Apple CEO Tim Cook on stage at the company's headquarters in Cupertino, Calif. in 2013. Credit: Martyn Williams
Apple yesterday said that the government should create an expert panel to discuss the implications of the FBI's demand that the company help it access an iPhone used by one of the people accused of killing 14 in California nearly three months ago.
In a FAQ posted to its website early Monday, Apple added to the back-and-forth of last week, when both it and the government traded court filings, statements and heated rhetoric. Along with the call to bring legislators into the controversy, Apple said that the FBI should withdraw its call for assistance in getting into an iPhone used by Syed Rizwan Farook, who with his wife Tashfeen Malik, killed 14 in San Bernardino, Calif., on Dec. 2 before they died in a shootout with police.
"We feel the best way forward would be for the government to withdraw its demands under the All Writs Act and, as some in Congress have proposed, form a commission or other panel of experts on intelligence, technology, and civil liberties to discuss the implications for law enforcement, national security, privacy, and personal freedoms," the FAQ stated. "Apple would gladly participate in such an effort."
Apple's push of the debate to others was what one attorney last week said may have been the company's intent when it rejected the government's demand.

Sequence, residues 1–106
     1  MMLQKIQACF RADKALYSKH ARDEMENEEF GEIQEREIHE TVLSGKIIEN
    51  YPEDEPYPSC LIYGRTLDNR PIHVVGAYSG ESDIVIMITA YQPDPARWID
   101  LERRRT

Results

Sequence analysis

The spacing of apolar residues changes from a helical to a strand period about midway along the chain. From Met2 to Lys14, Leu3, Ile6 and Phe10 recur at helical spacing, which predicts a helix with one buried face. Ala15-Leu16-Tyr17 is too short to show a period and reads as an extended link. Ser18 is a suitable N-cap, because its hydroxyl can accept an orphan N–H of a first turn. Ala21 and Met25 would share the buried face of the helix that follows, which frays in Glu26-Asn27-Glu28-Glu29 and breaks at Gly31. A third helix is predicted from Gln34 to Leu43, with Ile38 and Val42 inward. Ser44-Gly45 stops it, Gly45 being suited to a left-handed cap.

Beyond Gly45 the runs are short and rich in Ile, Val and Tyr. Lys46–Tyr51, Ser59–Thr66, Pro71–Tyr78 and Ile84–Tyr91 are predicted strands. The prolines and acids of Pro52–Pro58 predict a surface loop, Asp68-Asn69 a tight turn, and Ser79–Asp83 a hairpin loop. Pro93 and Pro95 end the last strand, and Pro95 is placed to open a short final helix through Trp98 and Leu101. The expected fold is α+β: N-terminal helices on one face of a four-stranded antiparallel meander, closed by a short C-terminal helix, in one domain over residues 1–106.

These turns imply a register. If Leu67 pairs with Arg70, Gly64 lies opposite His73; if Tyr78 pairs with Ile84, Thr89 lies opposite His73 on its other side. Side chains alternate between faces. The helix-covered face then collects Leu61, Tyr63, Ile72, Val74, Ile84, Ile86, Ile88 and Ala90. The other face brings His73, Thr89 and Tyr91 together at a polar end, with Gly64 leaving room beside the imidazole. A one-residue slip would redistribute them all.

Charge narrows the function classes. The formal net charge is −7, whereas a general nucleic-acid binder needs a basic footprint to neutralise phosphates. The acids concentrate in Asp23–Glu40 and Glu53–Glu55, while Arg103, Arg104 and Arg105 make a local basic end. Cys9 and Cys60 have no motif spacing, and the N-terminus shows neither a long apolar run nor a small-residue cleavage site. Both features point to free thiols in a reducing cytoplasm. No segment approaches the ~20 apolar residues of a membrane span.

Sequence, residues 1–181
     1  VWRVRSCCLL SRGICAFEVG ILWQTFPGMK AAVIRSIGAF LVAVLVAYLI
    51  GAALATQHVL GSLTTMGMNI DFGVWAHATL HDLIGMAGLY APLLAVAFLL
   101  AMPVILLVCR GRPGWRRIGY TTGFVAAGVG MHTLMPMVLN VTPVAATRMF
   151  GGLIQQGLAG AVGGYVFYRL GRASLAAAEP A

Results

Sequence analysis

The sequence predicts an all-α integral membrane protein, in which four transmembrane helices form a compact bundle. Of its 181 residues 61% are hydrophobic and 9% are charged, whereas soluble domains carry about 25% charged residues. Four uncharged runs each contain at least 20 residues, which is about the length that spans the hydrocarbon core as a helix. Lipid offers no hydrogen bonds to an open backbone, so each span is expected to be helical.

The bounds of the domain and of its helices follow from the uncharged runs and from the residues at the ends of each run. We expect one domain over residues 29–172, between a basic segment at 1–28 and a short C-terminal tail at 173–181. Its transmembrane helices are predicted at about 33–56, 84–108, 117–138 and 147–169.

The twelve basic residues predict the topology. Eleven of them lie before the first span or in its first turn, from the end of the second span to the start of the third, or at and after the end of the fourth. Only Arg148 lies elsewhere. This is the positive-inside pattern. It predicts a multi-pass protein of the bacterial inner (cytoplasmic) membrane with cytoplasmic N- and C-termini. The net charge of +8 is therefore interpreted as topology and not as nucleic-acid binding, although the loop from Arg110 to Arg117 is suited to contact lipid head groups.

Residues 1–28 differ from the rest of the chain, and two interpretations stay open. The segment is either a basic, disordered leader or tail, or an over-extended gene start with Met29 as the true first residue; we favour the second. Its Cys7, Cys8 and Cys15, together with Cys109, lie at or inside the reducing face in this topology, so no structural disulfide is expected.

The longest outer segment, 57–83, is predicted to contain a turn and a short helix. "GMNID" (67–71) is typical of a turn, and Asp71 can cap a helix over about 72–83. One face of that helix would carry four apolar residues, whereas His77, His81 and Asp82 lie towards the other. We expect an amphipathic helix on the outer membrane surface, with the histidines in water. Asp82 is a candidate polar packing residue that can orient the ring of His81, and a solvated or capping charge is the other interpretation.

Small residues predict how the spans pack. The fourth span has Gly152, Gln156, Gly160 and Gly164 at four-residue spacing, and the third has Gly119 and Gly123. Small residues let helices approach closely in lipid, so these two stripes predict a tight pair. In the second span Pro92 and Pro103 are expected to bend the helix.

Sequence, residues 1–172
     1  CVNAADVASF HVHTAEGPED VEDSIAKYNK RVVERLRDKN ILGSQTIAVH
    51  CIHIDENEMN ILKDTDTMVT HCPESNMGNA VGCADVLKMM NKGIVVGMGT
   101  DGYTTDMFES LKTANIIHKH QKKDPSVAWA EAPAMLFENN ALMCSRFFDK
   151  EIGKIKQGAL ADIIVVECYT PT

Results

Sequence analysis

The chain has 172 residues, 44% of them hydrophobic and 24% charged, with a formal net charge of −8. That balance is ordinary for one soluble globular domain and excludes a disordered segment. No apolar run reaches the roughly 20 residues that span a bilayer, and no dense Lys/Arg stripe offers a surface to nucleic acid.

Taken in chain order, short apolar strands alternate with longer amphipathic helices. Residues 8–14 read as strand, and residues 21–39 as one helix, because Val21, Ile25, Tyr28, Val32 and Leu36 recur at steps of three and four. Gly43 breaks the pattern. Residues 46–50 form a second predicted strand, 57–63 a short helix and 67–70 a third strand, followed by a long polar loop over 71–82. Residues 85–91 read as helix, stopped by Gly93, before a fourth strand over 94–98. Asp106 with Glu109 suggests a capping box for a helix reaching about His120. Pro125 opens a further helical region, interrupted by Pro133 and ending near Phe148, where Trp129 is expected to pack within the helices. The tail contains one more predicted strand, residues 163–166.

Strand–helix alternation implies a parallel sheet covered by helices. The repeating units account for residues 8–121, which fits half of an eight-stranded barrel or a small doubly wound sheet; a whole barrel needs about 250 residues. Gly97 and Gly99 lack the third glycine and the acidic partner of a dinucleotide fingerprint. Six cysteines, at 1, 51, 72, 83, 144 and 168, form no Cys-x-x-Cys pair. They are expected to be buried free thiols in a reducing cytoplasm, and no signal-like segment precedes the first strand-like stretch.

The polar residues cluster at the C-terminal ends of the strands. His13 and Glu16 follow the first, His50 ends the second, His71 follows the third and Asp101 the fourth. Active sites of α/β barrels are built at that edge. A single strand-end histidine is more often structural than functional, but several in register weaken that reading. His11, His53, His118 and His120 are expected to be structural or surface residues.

"Is [Apple's] end game here the Congress? This has been brewing in Congress for some time," said Robert Cattanach, in an interview last week. Cattanach is a partner at the law firm Dorsey & Whitney who previously worked as a trial attorney for the U.S. Department of Justice (DOJ).
In its motion filed Feb. 16 -- which generated an order by a federal judge that Apple comply -- the DOJ cited the All Writs Act when it demanded that Apple help the agency get into Farook's iPhone 5C. The All Writs Act was part of 1789 legislation that established the U.S. judicial system. It has been amended several times since then, with the most recent major changes made in 1948.
Increasingly, the DOJ has relied on the All Writs Act to force third parties to help it obtain information, including that stored on smartphones. According the American Civil Liberties Union, the government has used the All Writs Act at least 70 times previously to get Apple to unlock older iPhones.
In Monday's FAQ, Apple admitted that it was technically feasible to do what the FBI wanted, but argued that it was a bad idea. "Yes, it is certainly possible to create an entirely new operating system to undermine our security features as the government wants. But it's something we believe is too dangerous to do," Apple said.
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